• and especially to the vicinity of a church at no great distance.

  • Indeed, certain of the most authentic historians of those parts, who have been careful in collecting

  • and collating the floating facts concerning this spectre, allege that the body of the

  • trooper having been buried in the churchyard, the ghost rides forth to the scene of battle

  • in nightly quest of his head, and that the rushing speed with which he sometimes passes

  • along the Hollow, like a midnight blast, is owing to his being belated, and in a hurry

  • to get back to the churchyard before daybreak.

  • Such is the general purport of this legendary superstition, which has furnished materials

  • for many a wild story in that region of shadows; and the spectre is known at all the country

  • firesides, by the name of the Headless Horseman of Sleepy Hollow.

  • It is remarkable that the visionary propensity I have mentioned is not confined to the native

  • inhabitants of the valley, but is unconsciously imbibed by every one who resides there for

  • a time.

  • However wide awake they may have been before they entered that sleepy region, they are

  • sure, in a little time, to inhale the witching influence of the air, and begin to grow imaginative,

  • to dream dreams, and see apparitions.

  • I mention this peaceful spot with all possible laud, for it is in such little retired Dutch

  • valleys, found here and there embosomed in the great State of New York, that population,

  • manners, and customs remain fixed, while the great torrent of migration and improvement,

  • which is making such incessant changes in other parts of this restless country, sweeps

  • by them unobserved.

  • They are like those little nooks of still water, which border a rapid stream, where

  • we may see the straw and bubble riding quietly at anchor, or slowly revolving in their mimic

  • harbor, undisturbed by the rush of the passing current.

  • Though many years have elapsed since I trod the drowsy shades of Sleepy Hollow, yet I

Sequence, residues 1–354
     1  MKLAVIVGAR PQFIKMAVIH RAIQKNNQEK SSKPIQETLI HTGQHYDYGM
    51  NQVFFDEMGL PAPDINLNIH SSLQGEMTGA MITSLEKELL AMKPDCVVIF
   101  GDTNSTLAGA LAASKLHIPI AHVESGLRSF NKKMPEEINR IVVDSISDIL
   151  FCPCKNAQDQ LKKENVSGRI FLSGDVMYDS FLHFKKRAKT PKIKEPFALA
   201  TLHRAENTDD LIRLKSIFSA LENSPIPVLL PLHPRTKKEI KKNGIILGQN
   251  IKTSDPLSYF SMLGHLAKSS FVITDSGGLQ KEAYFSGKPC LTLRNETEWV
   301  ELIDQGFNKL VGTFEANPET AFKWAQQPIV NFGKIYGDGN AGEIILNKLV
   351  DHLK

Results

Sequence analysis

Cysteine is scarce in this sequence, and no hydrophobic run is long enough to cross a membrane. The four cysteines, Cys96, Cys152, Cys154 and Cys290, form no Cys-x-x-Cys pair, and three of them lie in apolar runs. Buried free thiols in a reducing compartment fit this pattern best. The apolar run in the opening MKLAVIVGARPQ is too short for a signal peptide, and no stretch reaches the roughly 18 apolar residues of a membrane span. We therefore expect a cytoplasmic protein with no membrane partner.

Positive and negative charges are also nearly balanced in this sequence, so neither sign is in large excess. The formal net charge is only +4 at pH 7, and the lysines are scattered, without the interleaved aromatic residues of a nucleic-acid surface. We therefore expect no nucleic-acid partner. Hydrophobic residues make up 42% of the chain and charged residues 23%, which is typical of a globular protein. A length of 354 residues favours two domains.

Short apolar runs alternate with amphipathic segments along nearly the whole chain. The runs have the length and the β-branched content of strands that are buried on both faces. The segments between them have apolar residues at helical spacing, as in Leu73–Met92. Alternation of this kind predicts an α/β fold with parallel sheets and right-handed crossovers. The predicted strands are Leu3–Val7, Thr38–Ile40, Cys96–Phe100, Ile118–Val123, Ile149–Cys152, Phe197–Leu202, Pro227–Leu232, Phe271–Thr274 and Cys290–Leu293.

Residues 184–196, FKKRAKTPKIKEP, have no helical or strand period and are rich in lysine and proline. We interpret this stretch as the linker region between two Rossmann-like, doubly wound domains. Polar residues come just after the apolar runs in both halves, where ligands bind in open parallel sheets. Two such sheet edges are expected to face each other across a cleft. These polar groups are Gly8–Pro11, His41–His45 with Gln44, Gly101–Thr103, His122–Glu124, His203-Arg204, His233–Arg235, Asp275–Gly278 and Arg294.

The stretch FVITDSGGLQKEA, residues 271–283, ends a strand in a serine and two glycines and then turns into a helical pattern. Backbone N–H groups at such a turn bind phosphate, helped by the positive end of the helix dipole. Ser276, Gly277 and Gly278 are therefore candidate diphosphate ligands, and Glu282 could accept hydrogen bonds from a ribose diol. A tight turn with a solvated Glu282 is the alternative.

• question whether I should not still find the same trees and the same families vegetating

  • in its sheltered bosom.

  • In this by-place of nature there abode, in a remote period of American history, that

  • is to say, some thirty years since, a worthy wight of the name of Ichabod Crane, who sojourned,

  • or, as he expressed it, "tarried," in Sleepy Hollow, for the purpose of instructing the

  • children of the vicinity.

  • He was a native of Connecticut, a State which supplies the Union with pioneers for the mind

  • as well as for the forest, and sends forth yearly its legions of frontier woodmen and

  • country schoolmasters.

  • The cognomen of Crane was not inapplicable to his person.

  • He was tall, but exceedingly lank, with narrow shoulders, long arms and legs, hands that

  • dangled a mile out of his sleeves, feet that might have served for shovels, and his whole

  • frame most loosely hung together.

  • His head was small, and flat at top, with huge ears, large green glassy eyes, and a

  • long snipe nose, so that it looked like a weather-cock perched upon his spindle neck

  • to tell which way the wind blew.

  • To see him striding along the profile of a hill on a windy day, with his clothes bagging

  • and fluttering about him, one might have mistaken him for the genius of famine descending upon

  • the earth, or some scarecrow eloped from a cornfield.

  • His schoolhouse was a low building of one large room, rudely constructed of logs; the

  • windows partly glazed, and partly patched with leaves of old copybooks.

  • It was most ingeniously secured at vacant hours, by a withe twisted in the handle of

  • the door, and stakes set against the window shutters; so that though a thief might get

  • in with perfect ease, he would find some embarrassment in getting out,—an idea most probably borrowed

  • by the architect, Yost Van Houten, from the mystery of an eelpot.

  • The schoolhouse stood in a rather lonely but pleasant situation, just at the foot of a

  • woody hill, with a brook running close by, and a formidable birch-tree growing at one

  • end of it.